How to recognize tobacco whitefly

Tobacco whiteflies hold their wings in a vertical position, which makes more of their body visible than is the case for greenhouse whiteflies. The small, oval-shaped, yellow eggs are deposited on the underside of the leaves, across the plant. The first instar larvae are mobile. The subsequent second to fourth instar are settled and fixated in one spot. The larval stages are light–yellow to transparent and are very similar to greenhouse whitefly larvae. The tobacco whitefly pupae can be distinguished from greenhouse whitefly cocoons: the tobacco whitefly pupae are flatter with tilted edges and barely any waxy threads around the body. The adult whitefly is visible inside the cocoon (yellow with red eyes and white developing wings). The adult whitefly emerges from the cocoon through a T-shaped opening. Tobacco whitefly is much smaller than greenhouse whitefly.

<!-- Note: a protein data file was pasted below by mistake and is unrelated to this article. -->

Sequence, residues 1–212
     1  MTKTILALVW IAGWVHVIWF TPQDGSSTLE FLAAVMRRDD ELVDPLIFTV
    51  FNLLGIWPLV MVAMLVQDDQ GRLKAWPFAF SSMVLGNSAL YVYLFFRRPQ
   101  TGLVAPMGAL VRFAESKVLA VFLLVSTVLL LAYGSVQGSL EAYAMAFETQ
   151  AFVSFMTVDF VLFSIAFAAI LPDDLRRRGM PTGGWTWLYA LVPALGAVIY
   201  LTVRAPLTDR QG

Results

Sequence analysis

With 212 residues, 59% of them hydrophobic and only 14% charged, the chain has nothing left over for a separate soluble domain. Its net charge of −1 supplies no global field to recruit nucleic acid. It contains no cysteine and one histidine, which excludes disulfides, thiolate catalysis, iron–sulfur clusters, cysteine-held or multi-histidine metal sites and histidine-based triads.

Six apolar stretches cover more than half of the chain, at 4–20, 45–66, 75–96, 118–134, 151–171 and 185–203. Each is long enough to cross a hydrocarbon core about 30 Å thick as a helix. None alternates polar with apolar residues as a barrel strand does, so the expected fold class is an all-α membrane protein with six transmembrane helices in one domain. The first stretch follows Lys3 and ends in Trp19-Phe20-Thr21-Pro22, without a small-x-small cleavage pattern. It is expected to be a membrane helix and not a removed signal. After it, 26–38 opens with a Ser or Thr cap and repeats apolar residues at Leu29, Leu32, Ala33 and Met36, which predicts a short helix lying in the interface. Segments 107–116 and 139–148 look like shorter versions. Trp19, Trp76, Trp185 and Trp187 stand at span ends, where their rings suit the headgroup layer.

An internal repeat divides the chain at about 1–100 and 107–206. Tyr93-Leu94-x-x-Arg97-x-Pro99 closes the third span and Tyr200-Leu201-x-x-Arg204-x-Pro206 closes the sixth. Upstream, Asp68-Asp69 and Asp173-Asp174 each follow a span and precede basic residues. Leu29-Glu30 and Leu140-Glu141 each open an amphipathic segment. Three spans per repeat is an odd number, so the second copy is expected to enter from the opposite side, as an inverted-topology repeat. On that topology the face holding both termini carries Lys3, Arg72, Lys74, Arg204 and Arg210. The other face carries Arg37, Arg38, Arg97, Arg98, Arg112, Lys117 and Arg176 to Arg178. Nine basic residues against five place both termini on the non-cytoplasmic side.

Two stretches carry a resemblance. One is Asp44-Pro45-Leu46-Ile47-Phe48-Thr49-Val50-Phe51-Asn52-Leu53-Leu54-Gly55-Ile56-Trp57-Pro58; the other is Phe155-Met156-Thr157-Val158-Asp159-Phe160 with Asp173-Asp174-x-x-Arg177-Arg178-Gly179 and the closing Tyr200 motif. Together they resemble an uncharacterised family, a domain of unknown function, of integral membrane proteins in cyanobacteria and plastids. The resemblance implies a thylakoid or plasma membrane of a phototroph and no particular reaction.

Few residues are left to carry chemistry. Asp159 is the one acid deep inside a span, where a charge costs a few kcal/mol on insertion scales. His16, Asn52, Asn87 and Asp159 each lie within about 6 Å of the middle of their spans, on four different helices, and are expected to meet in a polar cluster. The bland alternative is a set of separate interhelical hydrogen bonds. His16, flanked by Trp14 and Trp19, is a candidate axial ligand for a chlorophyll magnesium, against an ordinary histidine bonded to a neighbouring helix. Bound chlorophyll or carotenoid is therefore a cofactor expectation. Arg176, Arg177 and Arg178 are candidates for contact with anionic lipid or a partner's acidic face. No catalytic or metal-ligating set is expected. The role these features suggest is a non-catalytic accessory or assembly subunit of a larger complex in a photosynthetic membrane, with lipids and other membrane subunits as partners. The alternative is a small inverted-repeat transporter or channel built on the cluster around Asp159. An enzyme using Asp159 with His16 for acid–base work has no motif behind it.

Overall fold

Tobacco whitefly damage and distribution

All stages, except the eggs and pupae, cause plant damage. They feed from plant saps by puncturing leaf veins and feeding from the phloem. This causes small spots on the leaves. As a byproduct honeydew is produced which is more damaging than the actual puncturing. The honeydew acts as a growth medium for black sooty mold fungus which will hamper photosynthesis and make products unsuitable for sale. Tobacco whitefly is a transmitter of several feared plant viruses like tomato yellow leaf curl virus. These viruses may cause large economic damage in tomato, cucumber and other greenhouse crops.

  • Tobacco whitefly life cycle

    egg to adult in 22 days at 26°C, can increase to 70 days at 16°C
    1st larval stage mobile, 2nd to 4th stage immobile
    adults emerge via t-shaped opening from the pupa
    eggs and adults distributed over the crop

  • Tobacco whitefly host plants

    many different host plants
    tomato, cucumber, egg plants
    various vegetable- and ornamental crops

  • Tobacco whitefly larvae